Education Secretary backs review of university admissions
The Education Secretary has backed a review which will consider whether students should apply to university after getting their A level results
Education Secretary Gavin Williamson has backed a review of university admissions, which will consider whether students should apply to university after getting their A level results alongside other options.
In a letter sent today to universities regulator, the Office for Students, Mr Williamson welcomes the review and urged the regulator to set as high a bar as possible on quality in the sector, so universities are focused on reducing drop-out rates and ensuring the best possible value for money.
The Education Secretary also made clear that he supported the OfS’ intention to look seriously at the rise of unconditional offers and whether ‘conditional unconditional’ offers breach consumer law.
He outlines his support for the OfS’ review of admissions to look into the benefits and challenges of a Post Qualification Applications system, where students would apply to university after receiving their A level results.
Education Secretary Gavin Williamson said:
"Higher education has the power to change lives and is vital to producing the skills our country needs. But this is only the case when students receive a high quality education and we can be confident of the value of the collective investment from students and taxpayers.
"We have to fight to keep the public trust and respect in our world-leading universities and to me that means a relentless focus on quality. That’s why I want the OfS to go even further on this, developing more rigorous and demanding quality requirements, and I give my full backing to boldly use its powers to ensure value for money.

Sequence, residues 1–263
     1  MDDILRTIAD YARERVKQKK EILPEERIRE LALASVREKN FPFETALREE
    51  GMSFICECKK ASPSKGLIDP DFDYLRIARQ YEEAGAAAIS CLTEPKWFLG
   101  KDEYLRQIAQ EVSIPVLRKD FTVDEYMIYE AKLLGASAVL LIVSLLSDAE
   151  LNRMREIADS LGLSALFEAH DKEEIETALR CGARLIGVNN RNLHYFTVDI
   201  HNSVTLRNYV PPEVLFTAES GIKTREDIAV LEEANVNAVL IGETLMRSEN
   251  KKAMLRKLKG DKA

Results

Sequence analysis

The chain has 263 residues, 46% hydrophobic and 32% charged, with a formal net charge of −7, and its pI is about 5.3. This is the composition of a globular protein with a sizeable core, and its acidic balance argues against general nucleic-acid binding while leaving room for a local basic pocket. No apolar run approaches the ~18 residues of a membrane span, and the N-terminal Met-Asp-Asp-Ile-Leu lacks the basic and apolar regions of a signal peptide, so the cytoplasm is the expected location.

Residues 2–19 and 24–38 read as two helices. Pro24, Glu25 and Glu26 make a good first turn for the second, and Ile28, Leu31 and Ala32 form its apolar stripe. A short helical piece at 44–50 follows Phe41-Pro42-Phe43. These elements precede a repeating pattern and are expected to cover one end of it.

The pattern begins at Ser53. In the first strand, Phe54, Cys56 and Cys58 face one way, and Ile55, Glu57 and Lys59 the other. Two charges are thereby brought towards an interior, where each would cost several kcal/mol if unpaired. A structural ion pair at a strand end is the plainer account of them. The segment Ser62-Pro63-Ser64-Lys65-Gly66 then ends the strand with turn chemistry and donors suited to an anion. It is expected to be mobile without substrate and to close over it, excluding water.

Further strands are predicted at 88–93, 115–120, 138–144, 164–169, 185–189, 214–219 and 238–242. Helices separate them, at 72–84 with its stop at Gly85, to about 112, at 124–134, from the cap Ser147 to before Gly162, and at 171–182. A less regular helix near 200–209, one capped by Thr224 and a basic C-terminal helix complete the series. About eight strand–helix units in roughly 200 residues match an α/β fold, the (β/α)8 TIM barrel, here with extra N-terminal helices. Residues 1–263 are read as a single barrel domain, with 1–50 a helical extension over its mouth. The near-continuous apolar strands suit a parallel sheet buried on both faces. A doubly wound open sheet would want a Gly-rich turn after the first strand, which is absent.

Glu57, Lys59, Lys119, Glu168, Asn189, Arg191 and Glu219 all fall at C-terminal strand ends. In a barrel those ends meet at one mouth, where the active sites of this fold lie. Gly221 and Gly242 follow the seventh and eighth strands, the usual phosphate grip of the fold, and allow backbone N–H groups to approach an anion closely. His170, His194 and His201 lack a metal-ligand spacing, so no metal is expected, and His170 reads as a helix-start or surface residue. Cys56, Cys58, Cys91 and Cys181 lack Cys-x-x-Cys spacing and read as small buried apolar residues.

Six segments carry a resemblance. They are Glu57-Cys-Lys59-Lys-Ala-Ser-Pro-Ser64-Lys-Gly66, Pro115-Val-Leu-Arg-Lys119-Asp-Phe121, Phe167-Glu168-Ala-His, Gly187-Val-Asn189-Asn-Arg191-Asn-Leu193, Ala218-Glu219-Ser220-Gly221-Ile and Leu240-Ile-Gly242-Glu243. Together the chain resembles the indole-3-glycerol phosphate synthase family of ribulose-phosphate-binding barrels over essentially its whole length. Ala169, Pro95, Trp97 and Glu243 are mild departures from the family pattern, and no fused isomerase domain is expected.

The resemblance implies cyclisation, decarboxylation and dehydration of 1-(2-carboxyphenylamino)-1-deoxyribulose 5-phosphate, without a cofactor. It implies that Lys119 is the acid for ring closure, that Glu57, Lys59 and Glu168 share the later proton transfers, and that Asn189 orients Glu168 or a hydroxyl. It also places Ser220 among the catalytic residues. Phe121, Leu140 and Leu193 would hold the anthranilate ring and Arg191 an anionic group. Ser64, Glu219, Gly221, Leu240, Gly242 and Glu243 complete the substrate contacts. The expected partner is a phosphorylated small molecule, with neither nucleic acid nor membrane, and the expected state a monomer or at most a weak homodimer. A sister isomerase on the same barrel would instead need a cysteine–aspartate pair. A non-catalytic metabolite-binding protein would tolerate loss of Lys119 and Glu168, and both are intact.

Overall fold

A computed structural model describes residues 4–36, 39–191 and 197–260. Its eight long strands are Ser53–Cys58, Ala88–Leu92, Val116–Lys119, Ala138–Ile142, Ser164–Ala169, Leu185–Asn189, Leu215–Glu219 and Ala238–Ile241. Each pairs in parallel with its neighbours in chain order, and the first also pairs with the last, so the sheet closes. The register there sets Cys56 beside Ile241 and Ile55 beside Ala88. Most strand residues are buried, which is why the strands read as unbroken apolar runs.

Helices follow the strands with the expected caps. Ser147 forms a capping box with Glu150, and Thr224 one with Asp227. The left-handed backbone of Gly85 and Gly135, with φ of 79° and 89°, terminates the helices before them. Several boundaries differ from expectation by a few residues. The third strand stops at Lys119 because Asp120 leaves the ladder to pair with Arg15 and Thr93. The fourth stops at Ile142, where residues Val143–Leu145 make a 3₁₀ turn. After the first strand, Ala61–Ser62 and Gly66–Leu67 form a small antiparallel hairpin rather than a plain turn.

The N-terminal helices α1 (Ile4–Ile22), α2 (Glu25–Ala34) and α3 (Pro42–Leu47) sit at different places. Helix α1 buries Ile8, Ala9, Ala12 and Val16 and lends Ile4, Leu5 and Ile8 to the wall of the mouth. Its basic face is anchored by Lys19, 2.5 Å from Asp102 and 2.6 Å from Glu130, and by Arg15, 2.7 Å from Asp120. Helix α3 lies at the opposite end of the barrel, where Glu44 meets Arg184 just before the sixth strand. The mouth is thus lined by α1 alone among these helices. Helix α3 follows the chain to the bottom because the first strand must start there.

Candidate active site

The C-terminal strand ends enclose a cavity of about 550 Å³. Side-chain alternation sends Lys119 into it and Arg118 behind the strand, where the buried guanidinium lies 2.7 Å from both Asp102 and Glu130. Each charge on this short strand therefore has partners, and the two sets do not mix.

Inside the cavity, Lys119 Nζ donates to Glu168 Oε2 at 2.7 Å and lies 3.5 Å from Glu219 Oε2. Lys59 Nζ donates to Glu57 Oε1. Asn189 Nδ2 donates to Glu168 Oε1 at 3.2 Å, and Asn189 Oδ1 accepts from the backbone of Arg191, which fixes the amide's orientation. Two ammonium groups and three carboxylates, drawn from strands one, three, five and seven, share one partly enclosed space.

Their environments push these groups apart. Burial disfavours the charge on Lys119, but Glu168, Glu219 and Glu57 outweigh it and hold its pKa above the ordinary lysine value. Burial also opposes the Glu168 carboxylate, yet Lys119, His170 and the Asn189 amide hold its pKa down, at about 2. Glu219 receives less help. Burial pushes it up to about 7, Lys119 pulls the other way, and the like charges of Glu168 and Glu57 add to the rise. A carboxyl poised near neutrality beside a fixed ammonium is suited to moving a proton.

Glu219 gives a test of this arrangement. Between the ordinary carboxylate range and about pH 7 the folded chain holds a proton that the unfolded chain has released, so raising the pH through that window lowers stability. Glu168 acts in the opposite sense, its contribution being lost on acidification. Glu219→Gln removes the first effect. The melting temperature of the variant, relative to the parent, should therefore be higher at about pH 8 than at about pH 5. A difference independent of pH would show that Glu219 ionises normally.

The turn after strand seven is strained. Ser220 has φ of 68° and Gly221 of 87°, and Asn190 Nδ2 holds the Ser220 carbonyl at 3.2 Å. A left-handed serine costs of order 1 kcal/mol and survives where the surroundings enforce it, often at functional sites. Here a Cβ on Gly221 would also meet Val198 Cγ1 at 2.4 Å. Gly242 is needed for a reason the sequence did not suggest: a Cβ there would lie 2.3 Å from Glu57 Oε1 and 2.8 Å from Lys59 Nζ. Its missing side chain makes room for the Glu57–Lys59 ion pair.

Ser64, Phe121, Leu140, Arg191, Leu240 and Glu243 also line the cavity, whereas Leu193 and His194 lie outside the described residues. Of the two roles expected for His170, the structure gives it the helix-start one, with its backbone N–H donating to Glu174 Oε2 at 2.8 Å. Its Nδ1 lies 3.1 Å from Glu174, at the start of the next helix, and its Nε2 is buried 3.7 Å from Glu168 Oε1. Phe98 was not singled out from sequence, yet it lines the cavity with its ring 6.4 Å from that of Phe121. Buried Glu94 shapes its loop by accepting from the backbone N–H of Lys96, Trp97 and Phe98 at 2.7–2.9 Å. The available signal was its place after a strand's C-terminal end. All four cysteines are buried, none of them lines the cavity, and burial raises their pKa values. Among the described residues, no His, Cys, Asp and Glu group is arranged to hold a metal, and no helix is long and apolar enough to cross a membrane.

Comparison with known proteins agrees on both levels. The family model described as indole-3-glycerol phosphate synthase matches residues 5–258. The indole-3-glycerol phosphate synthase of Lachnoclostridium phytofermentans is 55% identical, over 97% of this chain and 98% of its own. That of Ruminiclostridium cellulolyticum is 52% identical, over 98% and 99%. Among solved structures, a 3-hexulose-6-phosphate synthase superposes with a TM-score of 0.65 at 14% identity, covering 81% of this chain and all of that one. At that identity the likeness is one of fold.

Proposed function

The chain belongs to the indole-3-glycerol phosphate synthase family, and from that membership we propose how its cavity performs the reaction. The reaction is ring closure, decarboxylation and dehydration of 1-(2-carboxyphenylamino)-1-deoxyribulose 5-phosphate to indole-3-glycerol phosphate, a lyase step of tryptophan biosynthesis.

"I’m also concerned about how some universities are recruiting students, in particular a worrying rise in unconditional offers. So I welcome the OfS’ focus on whether ‘conditional unconditional’ offers are harming students’ interests and whether they breach their consumer rights.
"I recognise that we need to review if the current system is working as well as it can, so I am glad the OfS is looking at whether it would be in students’ interests to apply for their university place after they have their A level results."
The guidance comes after the publication of the OECD Education at a Glance report last week, which highlighted the wide-ranging outcomes and earnings for graduates, and Andreas Schleicher, Director for the Directorate of Education and Skills, reiterated the importance of having quality assurances in higher education.
As the regulator for higher education in England, the OfS plays a vital part in ensuring students and taxpayers are getting value for money. The guidance letter sets out the Education Secretary’s priorities for higher education and his expectations for the OfS’ work, including:
• Review how students rights’ as consumers can be strengthened, including looking at options for standardised contracts between higher education providers and students;
• To focus on part-time and flexible learning; reviewing how to promote greater student choice; and raise awareness of accelerated degrees;
• Develop the government’s flagship Teaching Excellence and Student Outcomes Framework to enable it to be published at subject level in 2021; and
• Explore how international students can be better supported and integrated, in line with Global Britain’s efforts to strengthen relationships around the world.